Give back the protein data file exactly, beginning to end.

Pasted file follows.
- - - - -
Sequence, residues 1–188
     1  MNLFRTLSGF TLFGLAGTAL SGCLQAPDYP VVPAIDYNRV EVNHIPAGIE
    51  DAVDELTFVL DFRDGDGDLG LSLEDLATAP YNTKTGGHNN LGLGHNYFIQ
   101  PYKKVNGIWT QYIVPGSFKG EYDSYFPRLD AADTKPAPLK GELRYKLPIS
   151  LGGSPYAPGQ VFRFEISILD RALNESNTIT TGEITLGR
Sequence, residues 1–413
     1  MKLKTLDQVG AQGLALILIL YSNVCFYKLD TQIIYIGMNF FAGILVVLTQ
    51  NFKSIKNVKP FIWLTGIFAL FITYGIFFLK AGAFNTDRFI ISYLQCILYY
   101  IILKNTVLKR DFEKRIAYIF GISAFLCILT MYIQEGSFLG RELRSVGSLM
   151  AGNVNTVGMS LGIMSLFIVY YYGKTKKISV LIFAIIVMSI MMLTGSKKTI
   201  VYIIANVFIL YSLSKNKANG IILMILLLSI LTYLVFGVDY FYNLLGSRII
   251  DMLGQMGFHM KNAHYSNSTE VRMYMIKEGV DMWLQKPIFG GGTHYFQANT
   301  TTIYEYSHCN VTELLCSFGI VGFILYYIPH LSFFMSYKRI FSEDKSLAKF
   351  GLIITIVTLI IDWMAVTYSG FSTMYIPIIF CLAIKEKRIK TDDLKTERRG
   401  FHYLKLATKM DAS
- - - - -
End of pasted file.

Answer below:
Sequence, residues 1–188
     1  MNLFRTLSGF TLFGLAGTAL SGCLQAPDYP VVPAIDYNRV EVNHIPAGIE
    51  DAVDELTFVL DFRDGDGDLG LSLEDLATAP YNTKTGGHNN LGLGHNYFIQ
   101  PYKKVNGIWT QYIVPGSFKG EYDSYFPRLD AADTKPAPLK GELRYKLPIS
   151  LGGSPYAPGQ VFRFEISILD RALNESNTIT TGEITLGR
Sequence, residues 1–413
     1  MKLKTLDQVG AQGLALILIL YSNVCFYKLD TQIIYIGMNF FAGILVVLTQ
    51  NFKSIKNVKP FIWLTGIFAL FITYGIFFLK AGAFNTDRFI ISYLQCILYY
   101  IILKNTVLKR DFEKRIAYIF GISAFLCILT MYIQEGSFLG RELRSVGSLM
   151  AGNVNTVGMS LGIMSLFIVY YYGKTKKISV LIFAIIVMSI MMLTGSKKTI
   201  VYIIANVFIL YSLSKNKANG IILMILLLSI LTYLVFGVDY FYNLLGSRII
   251  DMLGQMGFHM KNAHYSNSTE VRMYMIKEGV DMWLQKPIFG GGTHYFQANT
   301  TTIYEYSHCN VTELLCSFGI VGFILYYIPH LSFFMSYKRI FSEDKSLAKF
   351  GLIITIVTLI IDWMAVTYSG FSTMYIPIIF CLAIKEKRIK TDDLKTERRG
   401  FHYLKLATKM DAS